At every iteration, we answer the Kata questions to help us add new tasks and activities to the backlog.
When we move into the development sprints, we work on the tasks we need to complete to achieve the team goal or analyse options/areas that need further exploration. In the sprint or execution phase, we naturally go through the steps of Problem Exploration, Solution Exploration and Solution Optimization.
At this stage, we enhance our understanding of the problem by collating and understanding all the material that we have already and identifying any gaps. We then validate the problem definition with our customer or sponsor user. For our team, this stage sees us talking to our internal customers, Event Storming and starting to write our User Stories. The User Stories are added to our Product Backlog. As we write the Stories, we identify more tasks and activities for the backlog.
This is where we deeply understand the requirements from a user perspective in order to figure out how to solve the problem in a scalable way. We spend a lot of time looking at the Open API prototypes for our chosen use case, while keeping in mind that the final version must be re-usable for other use cases also.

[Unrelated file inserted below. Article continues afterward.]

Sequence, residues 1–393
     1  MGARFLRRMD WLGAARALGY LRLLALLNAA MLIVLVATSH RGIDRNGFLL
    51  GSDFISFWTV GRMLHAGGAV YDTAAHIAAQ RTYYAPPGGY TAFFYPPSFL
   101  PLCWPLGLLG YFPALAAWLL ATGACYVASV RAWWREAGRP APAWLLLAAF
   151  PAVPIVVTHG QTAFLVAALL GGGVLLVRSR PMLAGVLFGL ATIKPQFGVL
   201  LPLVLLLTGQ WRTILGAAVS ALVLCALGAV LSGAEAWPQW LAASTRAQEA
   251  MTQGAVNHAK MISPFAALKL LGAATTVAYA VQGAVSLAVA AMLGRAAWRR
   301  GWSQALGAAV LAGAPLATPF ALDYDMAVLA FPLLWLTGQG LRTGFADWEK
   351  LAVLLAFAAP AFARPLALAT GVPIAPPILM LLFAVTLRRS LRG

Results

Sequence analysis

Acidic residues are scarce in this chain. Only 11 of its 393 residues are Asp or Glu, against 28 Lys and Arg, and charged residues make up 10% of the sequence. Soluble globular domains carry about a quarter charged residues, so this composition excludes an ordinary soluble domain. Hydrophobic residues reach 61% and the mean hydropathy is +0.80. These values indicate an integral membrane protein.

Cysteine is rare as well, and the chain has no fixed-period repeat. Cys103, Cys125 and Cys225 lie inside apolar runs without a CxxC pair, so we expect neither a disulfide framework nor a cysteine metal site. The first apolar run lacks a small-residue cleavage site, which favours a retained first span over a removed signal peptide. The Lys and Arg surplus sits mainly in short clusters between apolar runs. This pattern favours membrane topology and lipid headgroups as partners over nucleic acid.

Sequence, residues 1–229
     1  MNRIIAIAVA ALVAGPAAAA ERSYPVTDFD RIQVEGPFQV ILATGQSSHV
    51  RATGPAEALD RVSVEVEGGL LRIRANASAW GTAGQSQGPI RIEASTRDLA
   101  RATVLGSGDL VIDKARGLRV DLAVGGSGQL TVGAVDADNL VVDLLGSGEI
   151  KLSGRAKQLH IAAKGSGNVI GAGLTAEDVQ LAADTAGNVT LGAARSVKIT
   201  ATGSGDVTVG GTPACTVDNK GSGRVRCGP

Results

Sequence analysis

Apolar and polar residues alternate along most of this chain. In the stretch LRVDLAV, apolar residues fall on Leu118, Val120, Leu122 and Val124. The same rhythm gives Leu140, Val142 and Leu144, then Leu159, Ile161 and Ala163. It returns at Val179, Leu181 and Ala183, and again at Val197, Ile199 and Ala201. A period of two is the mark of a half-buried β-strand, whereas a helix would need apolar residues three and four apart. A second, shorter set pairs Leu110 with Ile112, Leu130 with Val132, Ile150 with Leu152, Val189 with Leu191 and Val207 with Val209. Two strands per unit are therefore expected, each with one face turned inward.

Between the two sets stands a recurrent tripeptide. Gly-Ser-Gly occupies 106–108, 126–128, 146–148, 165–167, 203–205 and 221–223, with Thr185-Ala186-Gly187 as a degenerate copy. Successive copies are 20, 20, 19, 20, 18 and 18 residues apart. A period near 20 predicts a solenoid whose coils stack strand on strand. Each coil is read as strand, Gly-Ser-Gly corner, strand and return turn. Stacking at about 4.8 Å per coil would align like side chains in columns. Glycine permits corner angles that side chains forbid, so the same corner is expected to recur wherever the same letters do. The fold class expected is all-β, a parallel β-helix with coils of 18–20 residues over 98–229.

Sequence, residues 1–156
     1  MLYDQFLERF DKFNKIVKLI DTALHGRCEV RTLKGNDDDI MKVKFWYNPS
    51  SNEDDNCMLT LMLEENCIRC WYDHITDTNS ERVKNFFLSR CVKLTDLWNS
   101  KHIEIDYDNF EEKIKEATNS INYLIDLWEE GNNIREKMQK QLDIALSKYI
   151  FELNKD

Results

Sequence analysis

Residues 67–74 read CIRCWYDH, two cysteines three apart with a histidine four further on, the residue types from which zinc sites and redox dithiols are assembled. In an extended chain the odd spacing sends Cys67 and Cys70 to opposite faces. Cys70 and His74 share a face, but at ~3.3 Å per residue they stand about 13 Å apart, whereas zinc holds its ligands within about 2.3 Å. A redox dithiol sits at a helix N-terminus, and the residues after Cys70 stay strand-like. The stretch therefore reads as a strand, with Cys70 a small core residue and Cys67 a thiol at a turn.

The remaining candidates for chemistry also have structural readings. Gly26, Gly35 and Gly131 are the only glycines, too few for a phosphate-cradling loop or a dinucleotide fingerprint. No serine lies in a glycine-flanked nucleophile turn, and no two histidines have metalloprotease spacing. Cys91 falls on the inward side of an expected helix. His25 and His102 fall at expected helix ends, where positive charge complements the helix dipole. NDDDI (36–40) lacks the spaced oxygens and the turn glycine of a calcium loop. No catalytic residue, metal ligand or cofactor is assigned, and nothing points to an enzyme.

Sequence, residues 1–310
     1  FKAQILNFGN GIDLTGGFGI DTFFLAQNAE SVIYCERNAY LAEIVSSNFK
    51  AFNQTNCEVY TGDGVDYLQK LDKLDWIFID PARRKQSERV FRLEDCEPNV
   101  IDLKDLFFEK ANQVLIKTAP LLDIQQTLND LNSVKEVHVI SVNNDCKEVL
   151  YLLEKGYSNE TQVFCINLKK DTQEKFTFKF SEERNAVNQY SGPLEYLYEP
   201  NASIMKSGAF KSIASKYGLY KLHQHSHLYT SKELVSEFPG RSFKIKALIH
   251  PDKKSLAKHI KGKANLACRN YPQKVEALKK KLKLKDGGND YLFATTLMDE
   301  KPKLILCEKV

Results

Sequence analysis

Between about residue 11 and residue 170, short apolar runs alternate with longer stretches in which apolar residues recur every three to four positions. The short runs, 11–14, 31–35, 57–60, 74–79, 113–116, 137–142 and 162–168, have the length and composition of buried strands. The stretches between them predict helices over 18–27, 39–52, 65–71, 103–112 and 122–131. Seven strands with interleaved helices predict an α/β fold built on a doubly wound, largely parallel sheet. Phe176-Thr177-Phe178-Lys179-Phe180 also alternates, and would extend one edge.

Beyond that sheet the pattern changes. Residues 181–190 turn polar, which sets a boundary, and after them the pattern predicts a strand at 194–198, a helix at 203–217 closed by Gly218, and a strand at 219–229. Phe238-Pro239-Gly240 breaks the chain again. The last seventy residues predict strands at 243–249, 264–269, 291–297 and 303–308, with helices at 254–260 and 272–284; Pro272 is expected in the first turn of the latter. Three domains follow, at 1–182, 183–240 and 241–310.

We do Event Storming and update the design and the swagger specifications with changes, and validate each update with the API consumer. It is advisable at this stage to experiment to come up with the best solution. Experimentation is about building to learn, so we endeavour to create prototypes and designs as soon as possible. They don’t have to be perfect. It is more important to put these quickly in front of sponsor users and API consumers to get feedback.
This stage is intended to scale as we iterate to a better offering. Our team is now deliver a successful solution and we can identify the next improvements for the solution. Had we tried to develop the full product vision for these services from the beginning, we would still be working on figuring out what to include in these services, instead we have developed a set of Open APIs that although don’t make a full service, they satisfy the requirements, solve a problem and are the start of the bigger service we envisage. The way we identified where to go next with our solution was to solve the immediate customer problem and identify what other problems that needed a solution that our Open API services could solve.
The Kata is designed to be used on an on-going basis. As we are an Agile team, the Kata also had to compliment our Agile way of working. Every sprint is one iteration, so at the start we go through the Kata questions during each refinement session. There was no extra process overhead for the team, as we don’t need a new meeting to do this, we incorporated Kata as part of the refinement session. The actions identified through the Kata are added to the action items of the refinement session.
Each quarter or after a product release, we take the opportunity to go through the Kata at a higher level, looking at the organisations goals to ensure that we are still aligned with them.